Viruses are genetic elements that depend on cellular host but replicate independently of cell’s chromosome(s). • A virion is the extracellular form of a virus and contains either an RNA or a DNA genome. • The virus genome is introduced into a new host cell by infection. • The virus redirects the host metabolism in order to support virus replication. • Viruses are classified by replication strategy as well as by type of host.
In the virion of the naked virus, only nucleic acid and protein are present, with the nucleic acid on the inside; the whole unit is called the nucleocapsid. • Enveloped viruses have one or more lipoprotein layers surrounding the nucleocapsid. • The nucleocapsid is arranged in a symmetric fashion, with a precise number and arrangement of structural subunits surrounding the virus nucleic acid. • Although viruses are metabolically inert, in some viruses, one or more key enzymes are present within the virion.
Viruses attack: Bacteria, Plants, and Animals • Bacterial viruses (bacteriophage or phage) • have proved useful as model systems because the host cells are easy to grow and manipulate in culture. • Viruses can only replicate in certain types of cells or in whole organisms (specificity). • Many animal and plant viruses can be grown in cultured cells.
Although it requires only a single virion to initiate an infectious cycle, not all virions are equally infectious. • Virus infectivity is measured by the plaque assay. • Plaques are clear zones that develop on lawns of host cells. • Theoretically, each plaque is due to infection by a single virus particle. The virus plaque is analogous to the bacterial colony.
The virus life cycle can be divided into five stages: • attachment (adsorption), • penetration (injection), • protein and nucleic acid synthesis, • assembly and packaging, and • virion release.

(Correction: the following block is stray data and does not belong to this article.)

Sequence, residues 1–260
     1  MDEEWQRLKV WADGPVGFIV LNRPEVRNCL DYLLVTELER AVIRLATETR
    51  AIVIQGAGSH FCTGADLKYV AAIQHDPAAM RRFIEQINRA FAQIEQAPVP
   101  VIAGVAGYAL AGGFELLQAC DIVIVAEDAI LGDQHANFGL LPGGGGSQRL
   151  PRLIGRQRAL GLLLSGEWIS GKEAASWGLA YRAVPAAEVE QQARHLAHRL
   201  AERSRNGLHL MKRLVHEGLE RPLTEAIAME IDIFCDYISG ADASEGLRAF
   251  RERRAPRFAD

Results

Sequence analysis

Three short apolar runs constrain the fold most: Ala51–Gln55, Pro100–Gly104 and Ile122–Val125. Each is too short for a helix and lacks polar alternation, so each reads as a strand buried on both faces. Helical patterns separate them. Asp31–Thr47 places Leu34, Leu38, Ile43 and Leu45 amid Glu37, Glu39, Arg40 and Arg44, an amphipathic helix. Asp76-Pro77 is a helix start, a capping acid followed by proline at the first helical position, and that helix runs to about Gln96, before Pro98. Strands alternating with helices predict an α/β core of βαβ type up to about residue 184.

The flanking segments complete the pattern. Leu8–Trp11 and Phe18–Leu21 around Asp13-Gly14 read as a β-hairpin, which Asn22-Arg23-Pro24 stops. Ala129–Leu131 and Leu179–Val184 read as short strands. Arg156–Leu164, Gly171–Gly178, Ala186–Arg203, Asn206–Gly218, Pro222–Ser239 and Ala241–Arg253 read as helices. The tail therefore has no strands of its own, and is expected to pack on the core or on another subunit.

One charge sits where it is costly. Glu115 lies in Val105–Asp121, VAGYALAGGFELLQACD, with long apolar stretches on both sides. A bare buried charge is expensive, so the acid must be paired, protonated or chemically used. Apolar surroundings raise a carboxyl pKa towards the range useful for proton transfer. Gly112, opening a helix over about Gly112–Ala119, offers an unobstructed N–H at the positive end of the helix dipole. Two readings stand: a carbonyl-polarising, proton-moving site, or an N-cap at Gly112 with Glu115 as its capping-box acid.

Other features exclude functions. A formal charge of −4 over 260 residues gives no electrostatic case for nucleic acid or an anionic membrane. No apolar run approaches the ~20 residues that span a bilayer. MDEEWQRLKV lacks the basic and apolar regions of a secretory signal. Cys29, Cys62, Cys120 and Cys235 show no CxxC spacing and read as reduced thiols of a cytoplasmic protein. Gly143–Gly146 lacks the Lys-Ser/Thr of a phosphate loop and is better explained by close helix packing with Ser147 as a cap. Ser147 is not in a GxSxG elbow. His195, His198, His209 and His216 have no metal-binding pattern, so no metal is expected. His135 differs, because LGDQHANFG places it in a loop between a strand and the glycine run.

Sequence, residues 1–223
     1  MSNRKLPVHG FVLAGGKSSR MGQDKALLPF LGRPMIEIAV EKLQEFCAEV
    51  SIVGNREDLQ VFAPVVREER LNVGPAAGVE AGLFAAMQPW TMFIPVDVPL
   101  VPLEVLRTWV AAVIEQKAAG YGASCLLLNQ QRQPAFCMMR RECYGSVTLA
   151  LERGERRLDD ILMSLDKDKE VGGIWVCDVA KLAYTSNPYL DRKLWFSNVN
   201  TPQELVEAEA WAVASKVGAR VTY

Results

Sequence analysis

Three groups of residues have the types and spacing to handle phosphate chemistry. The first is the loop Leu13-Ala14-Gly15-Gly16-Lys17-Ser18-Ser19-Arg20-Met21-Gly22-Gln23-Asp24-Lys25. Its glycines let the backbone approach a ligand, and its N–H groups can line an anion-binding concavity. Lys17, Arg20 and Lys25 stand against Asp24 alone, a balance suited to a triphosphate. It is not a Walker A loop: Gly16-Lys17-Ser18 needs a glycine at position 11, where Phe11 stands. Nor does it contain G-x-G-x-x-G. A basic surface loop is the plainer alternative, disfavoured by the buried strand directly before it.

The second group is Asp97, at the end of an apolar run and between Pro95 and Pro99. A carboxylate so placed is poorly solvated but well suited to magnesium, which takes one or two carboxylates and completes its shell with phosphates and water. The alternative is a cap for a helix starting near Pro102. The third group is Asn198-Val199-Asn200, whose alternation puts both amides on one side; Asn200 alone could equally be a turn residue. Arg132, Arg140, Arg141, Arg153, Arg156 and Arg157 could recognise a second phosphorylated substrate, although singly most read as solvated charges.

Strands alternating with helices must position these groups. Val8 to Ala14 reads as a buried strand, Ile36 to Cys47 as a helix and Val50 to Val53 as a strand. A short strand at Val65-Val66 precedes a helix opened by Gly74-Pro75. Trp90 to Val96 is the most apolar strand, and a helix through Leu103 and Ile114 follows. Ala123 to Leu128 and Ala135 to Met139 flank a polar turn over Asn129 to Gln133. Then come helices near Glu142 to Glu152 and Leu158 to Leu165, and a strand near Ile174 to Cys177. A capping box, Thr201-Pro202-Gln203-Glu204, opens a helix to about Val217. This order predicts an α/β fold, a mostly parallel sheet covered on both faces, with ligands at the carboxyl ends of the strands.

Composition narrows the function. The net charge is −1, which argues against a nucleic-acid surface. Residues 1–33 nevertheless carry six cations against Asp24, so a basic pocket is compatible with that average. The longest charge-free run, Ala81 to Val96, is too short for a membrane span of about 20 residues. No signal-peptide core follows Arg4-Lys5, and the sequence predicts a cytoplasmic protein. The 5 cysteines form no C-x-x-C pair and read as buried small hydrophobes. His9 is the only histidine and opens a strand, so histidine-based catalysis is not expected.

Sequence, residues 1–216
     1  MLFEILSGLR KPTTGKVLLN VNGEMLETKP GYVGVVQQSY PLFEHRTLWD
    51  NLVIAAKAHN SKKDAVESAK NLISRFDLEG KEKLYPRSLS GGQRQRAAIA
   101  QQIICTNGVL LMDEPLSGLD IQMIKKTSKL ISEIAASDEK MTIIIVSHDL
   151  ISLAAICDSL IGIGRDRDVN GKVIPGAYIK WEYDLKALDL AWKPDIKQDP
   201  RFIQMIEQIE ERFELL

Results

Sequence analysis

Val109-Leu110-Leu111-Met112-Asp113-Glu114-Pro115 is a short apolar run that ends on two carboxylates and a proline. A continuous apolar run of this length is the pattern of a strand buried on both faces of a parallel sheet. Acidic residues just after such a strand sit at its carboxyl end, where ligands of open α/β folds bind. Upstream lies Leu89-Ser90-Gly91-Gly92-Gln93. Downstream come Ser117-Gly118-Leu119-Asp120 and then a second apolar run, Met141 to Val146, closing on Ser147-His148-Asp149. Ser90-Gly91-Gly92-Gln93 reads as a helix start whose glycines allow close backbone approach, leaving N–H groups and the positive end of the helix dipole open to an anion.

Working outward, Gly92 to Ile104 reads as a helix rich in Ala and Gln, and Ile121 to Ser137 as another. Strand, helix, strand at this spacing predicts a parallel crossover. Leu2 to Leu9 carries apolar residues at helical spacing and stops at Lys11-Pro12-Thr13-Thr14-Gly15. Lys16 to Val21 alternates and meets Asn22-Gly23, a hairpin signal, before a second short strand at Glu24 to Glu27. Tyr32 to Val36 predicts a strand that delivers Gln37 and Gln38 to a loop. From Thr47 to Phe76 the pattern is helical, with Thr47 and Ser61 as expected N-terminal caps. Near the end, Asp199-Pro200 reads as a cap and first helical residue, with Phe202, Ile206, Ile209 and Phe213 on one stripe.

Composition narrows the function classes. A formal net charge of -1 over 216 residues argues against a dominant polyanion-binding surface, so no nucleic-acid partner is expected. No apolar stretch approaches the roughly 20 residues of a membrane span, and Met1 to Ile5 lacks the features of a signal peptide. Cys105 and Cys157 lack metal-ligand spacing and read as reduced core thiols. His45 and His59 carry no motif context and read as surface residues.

The attachment of a virion to a host cell is a highly specific process involving complementary receptors on the surface of a susceptible host cell and its infecting virus. • Resistance of the host to infection by the virus can involve restriction-modification systems that recognize and destroy double-stranded foreign DNA.
Before replication of viral nucleic acid can occur, new virus proteins are needed. These are encoded by messenger RNA molecules transcribed from the virus genome. • In some RNA viruses, the viral RNA itself is the mRNA. • In others, the virus genome is a template for the formation of viral mRNA, and • in certain cases, essential transcriptional enzymes are contained in the virion.
Lysogeny is a state in which viral genes become integrated into the host chromosome and lytic events are repressed. • Viruses capable of inducing the lysogenic state are called temperate viruses. • In lysogeny, the virus genome becomes a prophage; however, lytic events can be induced by certain environmental stimuli.
Lambda is a double-stranded DNA temperate phage. • Regulation of lambda lytic versus lysogenic events is under the control of several promoters and regulatory proteins. • Repression of lambda lytic events is caused by the cI protein (the lambda repressor), while activation of lytic events is under control of the Cro protein. • Although the genome of lambda is linear, the genome circularizes inside the cell, where DNA synthesis occurs by a rolling circle mechanism.
Baltimore Virus Classification System Class I dsDNA-> host RNA-polymerase -> mRNA IIssDNA-> ds DNA -> mRNA III dsRNA(Replicase in virion) -> mRNA IV +ss RNA -> translation -> viral Replicase -> mRNA V–ssRNA (Replicase in v.) -> mRNA VI+ssRNA(Reverse transcript in v.) -> ss -> dsDNA -> mRNA VII pdDNA(DNA-RT-polymerase in v.) -> host RNA- polymerase -> reverse transcription -> pdsDNA
RNAMS2 – conjungative plasmid-gene overlap; In E. coli - 3.6kb фX174 - Circular, rolling cycle - 5.4kb T7- linear - 40kbp 92% protein, concatamers Lambda - 48.5kbp, temperate T4- linear - 170kbp 135 proteins
Animal viruses Virion or nucleocapsid penetrate DNA-polymerase dependent viruses – in nucleus ssRNA+ - in cytoplasm Retroviruses viroids prions Infections: Lytic Persistent Latent Oncogenesis Transformation Benign Malignant Metastasis
7 2 Hepatitis-B (animal hosts) 1 Papilloma tumors Smallpox; Cowpox; Myxomatosis 1 1 Glands; minor colds Varicella; Lymphoma; Epstein-Barr (animal hosts)
Equine Encephalitis; Yellow fever; Rubella; Dengue; Rabies -ss Polio- ; Rhino- ; Hepatitis A ; Foot- and-Mouth + 5 4 Infuenza -ss 3 HIV; tumors 6 Respiratory & Enteric; Rota: Infant diarrhea Mumps; Measles